Your intimate connection together doesn’t have to suffer because of the distance, either. According to Dr. Tara Suwinyattichaiporn, professor of sexual communication at California State University Fullerton and host of the Luvbites by Dr. Tara podcast, sharing intentional and even sexual time with your partner doesn’t have to be an elaborate production.

“Block out at least an hour to do a Zoom (or other video call services) intimate night,” she says. “Chat about your intimacy goals and have a little cyber sexy time with each other. Quality time can be short and focused. You can schedule a morning routine where you chat on the phone every morning for 20 minutes while making coffee and prepping for the day.” Starting your day being present with your partner can have a considerable impact on how connected you feel toward each other.

What does it mean if my partner and I have different love languages?

It may seem like sharing the same love language with your S.O. provides a superior connection, and while it’s true that the task of expressing love to each other is a little easier in that case, having different love languages doesn’t have to weaken your connection by any means. “Communication is key,” Suwinyattichaiporn says.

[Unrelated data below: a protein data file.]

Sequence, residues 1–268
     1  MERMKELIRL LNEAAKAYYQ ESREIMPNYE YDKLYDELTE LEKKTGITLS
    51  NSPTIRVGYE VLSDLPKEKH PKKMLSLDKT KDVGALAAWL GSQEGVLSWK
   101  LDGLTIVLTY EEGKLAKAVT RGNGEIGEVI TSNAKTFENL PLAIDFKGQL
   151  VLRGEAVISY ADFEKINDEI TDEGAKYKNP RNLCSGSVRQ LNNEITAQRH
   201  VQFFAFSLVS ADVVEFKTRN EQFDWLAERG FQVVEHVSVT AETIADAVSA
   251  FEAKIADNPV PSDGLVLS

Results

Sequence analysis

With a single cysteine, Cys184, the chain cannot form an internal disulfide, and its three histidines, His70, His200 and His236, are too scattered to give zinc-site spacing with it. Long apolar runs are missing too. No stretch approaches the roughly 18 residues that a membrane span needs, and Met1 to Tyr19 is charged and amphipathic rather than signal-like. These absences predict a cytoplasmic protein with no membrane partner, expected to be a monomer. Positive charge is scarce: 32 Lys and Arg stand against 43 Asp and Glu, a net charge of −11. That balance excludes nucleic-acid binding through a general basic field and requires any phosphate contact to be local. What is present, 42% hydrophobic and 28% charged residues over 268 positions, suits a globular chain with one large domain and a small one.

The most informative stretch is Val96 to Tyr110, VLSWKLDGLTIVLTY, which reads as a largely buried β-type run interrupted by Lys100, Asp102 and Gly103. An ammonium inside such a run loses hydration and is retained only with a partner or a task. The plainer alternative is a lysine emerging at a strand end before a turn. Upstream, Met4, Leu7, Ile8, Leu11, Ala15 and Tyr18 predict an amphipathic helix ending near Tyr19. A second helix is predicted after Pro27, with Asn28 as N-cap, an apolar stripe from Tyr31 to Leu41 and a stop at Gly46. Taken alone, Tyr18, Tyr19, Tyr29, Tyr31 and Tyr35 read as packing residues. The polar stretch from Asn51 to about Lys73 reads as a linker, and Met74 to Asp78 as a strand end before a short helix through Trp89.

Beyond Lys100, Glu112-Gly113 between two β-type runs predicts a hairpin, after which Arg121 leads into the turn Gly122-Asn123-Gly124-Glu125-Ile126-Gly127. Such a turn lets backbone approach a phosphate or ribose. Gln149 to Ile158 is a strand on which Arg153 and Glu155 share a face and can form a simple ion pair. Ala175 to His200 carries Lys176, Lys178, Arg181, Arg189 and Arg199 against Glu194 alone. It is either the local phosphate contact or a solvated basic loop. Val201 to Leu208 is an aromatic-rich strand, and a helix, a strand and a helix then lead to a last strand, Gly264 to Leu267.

Even if you value thoughtful gifts when your partner prefers a weekly date night sans screens, staying consistent with your emotional efforts can mitigate any disconnect in how you give and receive love. “All in all, the best way to overcome these challenges is to clearly communicate with and teach your partner about your preferred love language, as well as to learn how to best speak their love language,” Suwinyattichaiporn says.

Advocating for your own needs and addressing deficits in how appreciated or loved you’re feeling is a necessary step, as well. “If a couple has different love languages, they should be very deliberate about expressing their feelings and not holding back issues that bother them about how the other one operates,” says Bronstein. “They need to convey their needs and what makes them both individually happy.”

Although it may take a little extra consideration and intentionality from time to time, Bronstein says that having a different love language than your partner never has to result in disappointment or hurt. As long as you’re willing to show up for each other, a healthy and fulfilling relationship is more than possible. “Validating each other's needs is vital for the differences not to impact the relationship negatively,” she explains. “All it takes is two people willing to make a relationship work for it to work.”